The best napping method to help with pulling an all-nighter

Pulling an all-nighter for an exam? Or do you work night shifts that you just can’t avoid? Well, researchers have revealed the optimal napping method to help combat fatigue during a 16-hour overnight duty.

The research looked at data from pilot studies on night shifts conducted from 2012 to 2018 and found that the analysis could also be the key to providing relief for sleep-deprived mothers and fathers.

The team found that scheduling two nap sessions – a 90-minute nap followed by a quick 30-minute nap later – is the optimal choice over a single 120-minute rest for delaying fatigue and sleepiness.

“A 90-minute nap to maintain long-term performance and a 30-minute nap to maintain lower fatigue levels and fast reactions, as a strategic combination of naps, can be valuable for early morning work efficiency and safety,” said study author Sanae Oriyama, a nursing science professor at Hiroshima University’s Graduate School of Biomedical and Health Sciences.

The study, published in the journal Scientific Reports, found that many professions, including those in emergency sectors, have a lot of night shift work which can in turn increase the risk for sleep-related physical and mental health disorders and impair job performance.

When daytime comes, the human body has a light-sensitive internal clock that activates wakefulness, and at night, this pushes the human body towards sleep. Study authors say because of this, the likelihood of errors and accidents during a night shift is elevated.

In the medical field, this may inadvertently lead to serious harm to patients or to oneself, and naps are usually taken by shift workers to offset disruptions to the body clock.

For the study, researchers looked at 41 women in their 20s who underwent a simulated 16-hour shift in a controlled environment, where factors, such as light and temperature, were standardised.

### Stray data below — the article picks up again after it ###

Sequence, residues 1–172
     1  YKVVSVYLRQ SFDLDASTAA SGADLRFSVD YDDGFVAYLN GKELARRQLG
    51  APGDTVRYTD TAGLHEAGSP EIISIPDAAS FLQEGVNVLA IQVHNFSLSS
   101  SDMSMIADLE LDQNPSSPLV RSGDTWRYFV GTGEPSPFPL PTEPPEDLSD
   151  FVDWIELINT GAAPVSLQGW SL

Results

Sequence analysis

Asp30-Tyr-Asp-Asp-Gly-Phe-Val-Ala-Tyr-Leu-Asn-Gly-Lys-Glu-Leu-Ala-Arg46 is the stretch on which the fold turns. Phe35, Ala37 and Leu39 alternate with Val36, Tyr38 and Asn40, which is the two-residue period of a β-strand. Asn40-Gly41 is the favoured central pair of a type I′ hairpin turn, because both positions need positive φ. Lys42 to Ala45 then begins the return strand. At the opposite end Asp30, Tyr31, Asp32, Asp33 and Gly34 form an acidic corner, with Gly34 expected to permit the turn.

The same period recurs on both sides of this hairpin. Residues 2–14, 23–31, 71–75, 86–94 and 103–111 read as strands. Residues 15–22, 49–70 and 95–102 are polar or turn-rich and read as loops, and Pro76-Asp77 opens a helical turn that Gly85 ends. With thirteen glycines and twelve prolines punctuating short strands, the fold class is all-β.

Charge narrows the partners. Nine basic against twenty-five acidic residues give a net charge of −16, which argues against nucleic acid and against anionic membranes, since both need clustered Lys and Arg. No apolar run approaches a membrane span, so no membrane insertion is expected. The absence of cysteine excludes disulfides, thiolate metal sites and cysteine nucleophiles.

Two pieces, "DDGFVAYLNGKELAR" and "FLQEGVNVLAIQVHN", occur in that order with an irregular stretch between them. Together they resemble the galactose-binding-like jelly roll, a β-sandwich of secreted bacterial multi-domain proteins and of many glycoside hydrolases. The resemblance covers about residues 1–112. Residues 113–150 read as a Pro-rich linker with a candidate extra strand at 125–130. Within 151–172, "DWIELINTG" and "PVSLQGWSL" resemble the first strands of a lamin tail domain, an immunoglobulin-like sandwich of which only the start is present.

Participants underwent hourly tests, including the Uchida-Kraepelin test (UKT) for assessing task speed and accuracy, and measurements of drowsiness, fatigue, heart rate and blood pressure.

Professor Oriyama found that women who took a single 120-minute nap suffered increased drowsiness from 4am onward.

Those who had two naps, a 90-minute nap followed by a 30-minute nap, postponed their drowsiness until 6am. Researchers suggest adding an extra 30 minutes of shut-eye between 5am and 6am, given that drowsiness might shoot up from 7am to 8am.

All nap participants reported fatigue between 4am and 9am, whereas the dual-nap group reported less intense fatigue.

“During a night shift that, for example, lasts from 4pm to 9am the next morning, a split nap of 90 minutes and 30 minutes, ending at 12am and 3am, respectively, is thought to be more effective than a 120-minute monophasic nap ending at 12am when tasks requiring quick responses to maintain a high level of safety are scheduled between 2am and 9am.,” Professor Oriyama said.

The study also revealed that the duration of the nap plays a crucial role. The later you take it, it will become more difficult to fend off sleepiness and exhaustion. However, delaying it too much could interfere with your focus as your sleep drive builds up.

“Hence, the ideal time for taking a nap and the ideal nap schedule during long night shifts need further elucidation,” Professor Oriyama added.


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